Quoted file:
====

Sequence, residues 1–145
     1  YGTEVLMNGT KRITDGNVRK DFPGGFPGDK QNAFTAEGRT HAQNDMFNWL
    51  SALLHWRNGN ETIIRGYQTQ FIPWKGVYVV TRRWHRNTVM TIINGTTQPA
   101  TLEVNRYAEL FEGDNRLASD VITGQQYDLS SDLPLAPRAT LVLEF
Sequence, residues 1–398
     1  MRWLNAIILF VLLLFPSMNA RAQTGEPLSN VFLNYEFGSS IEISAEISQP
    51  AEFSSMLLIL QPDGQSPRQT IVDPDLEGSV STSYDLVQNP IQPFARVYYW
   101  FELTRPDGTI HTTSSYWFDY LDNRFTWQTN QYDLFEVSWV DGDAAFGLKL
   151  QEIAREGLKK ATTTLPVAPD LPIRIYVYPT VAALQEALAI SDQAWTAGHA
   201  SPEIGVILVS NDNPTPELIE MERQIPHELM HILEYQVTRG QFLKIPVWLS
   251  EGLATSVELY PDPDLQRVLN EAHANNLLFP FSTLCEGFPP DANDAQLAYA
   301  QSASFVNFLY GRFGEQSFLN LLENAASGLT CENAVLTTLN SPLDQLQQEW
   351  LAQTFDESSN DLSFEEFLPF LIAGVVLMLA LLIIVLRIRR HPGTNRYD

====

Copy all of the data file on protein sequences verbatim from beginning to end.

Sequence, residues 1–145
     1  YGTEVLMNGT KRITDGNVRK DFPGGFPGDK QNAFTAEGRT HAQNDMFNWL
    51  SALLHWRNGN ETIIRGYQTQ FIPWKGVYVV TRRWHRNTVM TIINGTTQPA
   101  TLEVNRYAEL FEGDNRLASD VITGQQYDLS SDLPLAPRAT LVLEF
Sequence, residues 1–398
     1  MRWLNAIILF VLLLFPSMNA RAQTGEPLSN VFLNYEFGSS IEISAEISQP
    51  AEFSSMLLIL QPDGQSPRQT IVDPDLEGSV STSYDLVQNP IQPFARVYYW
   101  FELTRPDGTI HTTSSYWFDY LDNRFTWQTN QYDLFEVSWV DGDAAFGLKL
   151  QEIAREGLKK ATTTLPVAPD LPIRIYVYPT VAALQEALAI SDQAWTAGHA
   201  SPEIGVILVS NDNPTPELIE MERQIPHELM HILEYQVTRG QFLKIPVWLS
   251  EGLATSVELY PDPDLQRVLN EAHANNLLFP FSTLCEGFPP DANDAQLAYA
   301  QSASFVNFLY GRFGEQSFLN LLENAASGLT CENAVLTTLN SPLDQLQQEW
   351  LAQTFDESSN DLSFEEFLPF LIAGVVLMLA LLIIVLRIRR HPGTNRYD